Summary: The Epiphany is all about the divinity of Jesus being revealed to the world; but not everyone like this news. This is a very interesting story with a variety of characters: eg. compare the characters of Jesus with Herod.

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This sermon was delivered to St Oswald’s, Maybole, Ayrshire, Scotland on the 8th January 2012; St Oswald’s is a Scottish Episcopal Church in the Dioceses of Glasgow and Dumfries.

The readings for today are: Isaiah 60:1-6 Ephesians 3:1-12 Matthew 2:1-12 Psalm 72:1-7,10-14

“Please join me in a short prayer from Psalms 19:14, and ” Let the words of my mouth, and the meditation of our hearts, be acceptable in your sight, O Lord, my strength, and my redeemer. Amen.


To most people, the word Epiphany will mean nothing. In fact most Christians will probably say they have heard the name but are not to sure what it is, until you mention the wise men then they will quickly regurgitate the story of the three wise men, (or the three kings), from the east visiting Jesus the night he was born giving him gifts of Gold, Frankincense and Myrrh.

Well this is not the message in Mathew’s gospel. Yes the Christian tradition pictures these wise men, (or Magi as in Magicians), as kings; but it is most likely they were astrologers from Babylon, who, because of the influence of Daniel, heard about a promised messiah. It is also assumed that there were three of them, one for each of the three gifts presented to Jesus, yet again, there is nowhere in the Bible to indicate that there were only three.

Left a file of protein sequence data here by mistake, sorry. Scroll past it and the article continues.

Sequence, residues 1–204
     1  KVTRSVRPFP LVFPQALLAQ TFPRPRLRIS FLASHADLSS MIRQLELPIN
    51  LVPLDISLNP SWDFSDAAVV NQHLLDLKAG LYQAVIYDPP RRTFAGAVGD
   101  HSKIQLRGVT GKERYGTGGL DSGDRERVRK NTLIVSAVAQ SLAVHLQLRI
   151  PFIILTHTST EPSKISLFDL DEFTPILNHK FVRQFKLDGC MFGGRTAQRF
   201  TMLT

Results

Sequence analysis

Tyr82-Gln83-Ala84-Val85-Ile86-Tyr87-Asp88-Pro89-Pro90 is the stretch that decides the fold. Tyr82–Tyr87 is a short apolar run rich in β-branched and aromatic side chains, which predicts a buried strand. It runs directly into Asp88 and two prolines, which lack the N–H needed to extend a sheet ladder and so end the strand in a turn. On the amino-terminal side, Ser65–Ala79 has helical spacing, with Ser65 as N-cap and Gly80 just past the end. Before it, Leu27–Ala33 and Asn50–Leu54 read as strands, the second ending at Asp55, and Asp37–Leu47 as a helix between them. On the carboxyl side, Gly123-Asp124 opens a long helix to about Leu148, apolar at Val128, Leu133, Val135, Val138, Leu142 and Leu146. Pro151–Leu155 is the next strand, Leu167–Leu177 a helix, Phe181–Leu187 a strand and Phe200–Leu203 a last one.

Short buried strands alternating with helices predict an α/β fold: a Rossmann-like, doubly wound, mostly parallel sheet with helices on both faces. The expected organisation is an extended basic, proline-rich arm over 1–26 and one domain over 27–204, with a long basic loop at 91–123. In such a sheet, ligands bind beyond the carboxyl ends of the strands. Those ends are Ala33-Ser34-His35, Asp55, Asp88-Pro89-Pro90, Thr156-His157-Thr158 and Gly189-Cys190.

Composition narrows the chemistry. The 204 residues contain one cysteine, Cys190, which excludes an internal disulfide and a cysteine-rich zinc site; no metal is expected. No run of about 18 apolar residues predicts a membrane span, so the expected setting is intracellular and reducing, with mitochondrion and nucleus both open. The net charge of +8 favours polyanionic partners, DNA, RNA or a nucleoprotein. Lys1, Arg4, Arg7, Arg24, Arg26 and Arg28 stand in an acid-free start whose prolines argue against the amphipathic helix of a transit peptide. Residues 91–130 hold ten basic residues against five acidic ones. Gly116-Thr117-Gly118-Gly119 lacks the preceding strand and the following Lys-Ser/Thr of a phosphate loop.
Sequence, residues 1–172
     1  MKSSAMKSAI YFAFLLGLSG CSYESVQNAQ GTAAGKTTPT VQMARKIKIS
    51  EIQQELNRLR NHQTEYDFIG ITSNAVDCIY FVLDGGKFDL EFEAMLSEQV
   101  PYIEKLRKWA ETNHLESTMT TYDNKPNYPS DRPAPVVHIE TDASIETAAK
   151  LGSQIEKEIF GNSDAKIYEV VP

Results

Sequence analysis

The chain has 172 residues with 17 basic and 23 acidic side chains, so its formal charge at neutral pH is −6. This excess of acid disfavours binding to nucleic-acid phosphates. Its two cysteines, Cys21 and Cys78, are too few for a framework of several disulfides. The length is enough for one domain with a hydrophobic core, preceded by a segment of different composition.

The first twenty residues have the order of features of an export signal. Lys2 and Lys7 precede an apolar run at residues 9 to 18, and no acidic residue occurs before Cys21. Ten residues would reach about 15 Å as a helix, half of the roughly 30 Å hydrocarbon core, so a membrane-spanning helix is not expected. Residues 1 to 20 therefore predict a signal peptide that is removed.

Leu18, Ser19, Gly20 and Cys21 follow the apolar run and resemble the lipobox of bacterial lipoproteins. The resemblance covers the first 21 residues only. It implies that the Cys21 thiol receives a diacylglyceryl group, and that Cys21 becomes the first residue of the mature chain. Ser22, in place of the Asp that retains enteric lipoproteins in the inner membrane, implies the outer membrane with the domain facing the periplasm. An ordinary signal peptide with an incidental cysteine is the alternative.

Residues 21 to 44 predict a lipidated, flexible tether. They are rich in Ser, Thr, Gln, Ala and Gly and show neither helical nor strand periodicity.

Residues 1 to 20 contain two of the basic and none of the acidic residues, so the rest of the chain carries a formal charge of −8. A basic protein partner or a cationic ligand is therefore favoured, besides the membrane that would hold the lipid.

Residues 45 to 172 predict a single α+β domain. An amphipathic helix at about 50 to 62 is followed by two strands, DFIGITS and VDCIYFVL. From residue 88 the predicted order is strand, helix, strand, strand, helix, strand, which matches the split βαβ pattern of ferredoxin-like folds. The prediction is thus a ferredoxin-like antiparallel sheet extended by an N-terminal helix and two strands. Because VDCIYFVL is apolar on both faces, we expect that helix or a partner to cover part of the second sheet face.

And, by popular opinion, it is taken that these wise men showed up on the very night of our Saviour’s birth; despite the fact that most historians and theologians agree that the visit took place when Jesus was about two years old.

So you may ask, what are we to believe? Well I do not think these facts are too important because it does not interfere with the real message which is Jesus was presented to the world in his full divinity.

Let me explain, Mathew in his gospel tells us what our reaction should be to this birth; a reaction which asks, who exactly is that baby in the manger; as later on, Jesus himself asked His disciples that very same question in chapter 16 "Who do you say I am?"

Jesus is the King of the Jews

According to the apostle Matthew who was a Jew, writing to fellow Jews; Jesus is the King of the Jews, the promised Messiah, and the Christ; Mathew then gives us two proofs.

First, the star

First, the star; because unlike us, the people of Matthew's age would not have found the Magi's claim bizarre, … that a star rose to herald the birth of the King of the Jews. In Matthew's day it was accepted that births and deaths of great men were marked by heavenly signs; such as written in Numbers 24:17, were it says "A star will come out of Jacob; a sceptre will rise out of Israel" and the Jews of Matthew's were well acquainted with this prophecy, and that star was no accident, to them, it was a sign from God.

Second, the place of his birth.

The second proof Matthew gives us is the place of his birth, which was Bethlehem. When King Herod heard about the Magi, he was told by his chief administrators who quoted Micah 5:2, by saying "In Bethlehem, in the land of Judah”. Matthew's message is so very clear: the baby in the manger is the King of the Jews, the Christ, the Messiah.

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